Distributions of brominated organic compounds in the troposphere and lower stratosphere

S. M. Schauffler, Elliot L Atlas, D. R. Blake, F. Flocke, R. A. Lueb, J. M. Lee-Taylor, V. Stroud, W. Travnicek

Research output: Contribution to journalArticle

135 Citations (Scopus)

Abstract

A comprehensive suite of brominated organic compounds was measured from whole air samples collected during the 1996 NASA Stratospheric Tracers of Atmospheric Transport aircraft campaign and the 1996 NASA Global Tropospheric Experiment Pacific Exploratory Mission-Tropics aircraft campaign. Measurements of individual species and total organic bromine were utilized to describe latitudinal and vertical distributions in the troposphere and lower stratosphere, fractional contributions to total organic bromine by individual species, fractional dissociation of the long-lived species relative to CFC-11, and the Ozone Depletion Potential of the halons and CH3Br. Spatial differences in the various organic brominated compounds were related to their respective sources and chemical lifetimes. The difference between tropospheric mixing ratios in the Northern and Southern Hemispheres for halons was approximately equivalent to their annual tropospheric growth rates, while the interhemispheric ratio of CH3Br was 1.18. The shorter-lived brominated organic species showed larger tropospheric mixing ratios in the tropics relative to midlatitudes, which may reflect marine biogenic sources. Significant vertical gradients in the troposphere were observed for the short-lived species with upper troposphere values 40-70% of the lower troposphere values. Much smaller vertical gradients (3-14%) were observed for CH3Br, and no significant vertical gradients were observed for the halons. Above the tropopause, the decrease in organic bromine compounds was found to have some seasonal and latitudinal differences. The combined losses of the individual compounds resulted in a loss of total organic bromine between the tropopause and 20 km of 38-40% in the tropics and 75-85% in midlatitudes. The fractional dissociation of the halons and CH3Br relative to CFC-11 showed latitudinal differences, with larger values in the tropics.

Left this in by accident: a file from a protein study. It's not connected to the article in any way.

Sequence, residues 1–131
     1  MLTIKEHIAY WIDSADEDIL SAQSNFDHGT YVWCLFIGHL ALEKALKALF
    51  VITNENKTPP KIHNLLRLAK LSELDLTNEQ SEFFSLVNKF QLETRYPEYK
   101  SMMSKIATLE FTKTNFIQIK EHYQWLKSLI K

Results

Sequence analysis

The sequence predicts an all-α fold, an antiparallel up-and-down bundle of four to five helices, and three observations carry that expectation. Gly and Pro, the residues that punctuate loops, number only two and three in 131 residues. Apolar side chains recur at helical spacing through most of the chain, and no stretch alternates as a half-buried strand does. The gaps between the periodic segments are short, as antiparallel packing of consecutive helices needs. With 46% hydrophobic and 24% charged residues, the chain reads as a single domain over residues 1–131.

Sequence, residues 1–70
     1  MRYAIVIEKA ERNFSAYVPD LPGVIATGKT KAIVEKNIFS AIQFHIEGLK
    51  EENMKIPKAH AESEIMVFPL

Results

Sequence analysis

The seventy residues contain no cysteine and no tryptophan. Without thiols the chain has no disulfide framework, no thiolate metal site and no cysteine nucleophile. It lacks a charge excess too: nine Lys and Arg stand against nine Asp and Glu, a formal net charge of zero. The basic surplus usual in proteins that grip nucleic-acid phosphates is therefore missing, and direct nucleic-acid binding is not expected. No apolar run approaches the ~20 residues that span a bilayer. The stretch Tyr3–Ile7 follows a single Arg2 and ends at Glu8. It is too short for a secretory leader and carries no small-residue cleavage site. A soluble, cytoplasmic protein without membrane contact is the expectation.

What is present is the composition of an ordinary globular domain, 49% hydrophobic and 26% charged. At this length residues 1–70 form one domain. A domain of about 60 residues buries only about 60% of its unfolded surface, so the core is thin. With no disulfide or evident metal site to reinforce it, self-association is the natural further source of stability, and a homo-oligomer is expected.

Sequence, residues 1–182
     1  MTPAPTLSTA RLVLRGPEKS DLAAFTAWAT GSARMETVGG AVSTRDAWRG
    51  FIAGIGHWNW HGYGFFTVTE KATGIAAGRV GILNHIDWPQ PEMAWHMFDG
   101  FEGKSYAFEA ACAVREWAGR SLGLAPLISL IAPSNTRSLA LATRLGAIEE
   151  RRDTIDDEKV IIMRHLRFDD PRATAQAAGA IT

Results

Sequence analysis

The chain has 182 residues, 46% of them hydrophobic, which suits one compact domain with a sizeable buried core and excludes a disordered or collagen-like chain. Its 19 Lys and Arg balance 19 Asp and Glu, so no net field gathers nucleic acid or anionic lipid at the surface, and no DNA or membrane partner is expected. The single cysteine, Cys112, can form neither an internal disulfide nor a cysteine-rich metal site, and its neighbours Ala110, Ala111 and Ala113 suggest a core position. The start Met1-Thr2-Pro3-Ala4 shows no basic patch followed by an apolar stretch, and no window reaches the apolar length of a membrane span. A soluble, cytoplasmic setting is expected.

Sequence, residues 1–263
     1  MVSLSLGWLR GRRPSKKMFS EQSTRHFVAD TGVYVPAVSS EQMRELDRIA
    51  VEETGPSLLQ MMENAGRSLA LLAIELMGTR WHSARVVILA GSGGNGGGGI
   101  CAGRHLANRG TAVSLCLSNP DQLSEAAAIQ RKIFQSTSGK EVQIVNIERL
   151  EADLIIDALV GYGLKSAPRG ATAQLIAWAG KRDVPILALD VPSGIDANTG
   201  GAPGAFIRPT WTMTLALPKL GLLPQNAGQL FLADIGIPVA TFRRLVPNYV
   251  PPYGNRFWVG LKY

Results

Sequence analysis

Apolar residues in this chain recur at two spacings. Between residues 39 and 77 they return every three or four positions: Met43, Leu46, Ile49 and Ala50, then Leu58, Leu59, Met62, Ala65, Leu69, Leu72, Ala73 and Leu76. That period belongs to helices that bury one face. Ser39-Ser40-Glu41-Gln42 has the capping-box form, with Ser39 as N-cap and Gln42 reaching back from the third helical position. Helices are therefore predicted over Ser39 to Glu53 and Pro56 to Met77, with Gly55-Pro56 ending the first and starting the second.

Original languageEnglish (US)
Article number1999JD900197
Pages (from-to)21513-21535
Number of pages23
JournalJournal of Geophysical Research C: Oceans
Volume104
Issue numberD17
StatePublished - Sep 20 1999
Externally publishedYes

Fingerprint

Bromochlorofluorocarbons
Tropics
Upper atmosphere
Troposphere
stratosphere
troposphere
organic compounds
tropical regions
Organic compounds
Bromine
organic compound
bromine
chlorofluorocarbons
Chlorofluorocarbons
tropopause
temperate regions
mixing ratios
gradients
CFC
Bromine Compounds

ASJC Scopus subject areas

  • Geochemistry and Petrology
  • Geophysics
  • Earth and Planetary Sciences (miscellaneous)
  • Space and Planetary Science
  • Atmospheric Science
  • Astronomy and Astrophysics
  • Oceanography

Cite this

Schauffler, S. M., Atlas, E. L., Blake, D. R., Flocke, F., Lueb, R. A., Lee-Taylor, J. M., ... Travnicek, W. (1999). Distributions of brominated organic compounds in the troposphere and lower stratosphere. Journal of Geophysical Research C: Oceans, 104(D17), 21513-21535. [1999JD900197].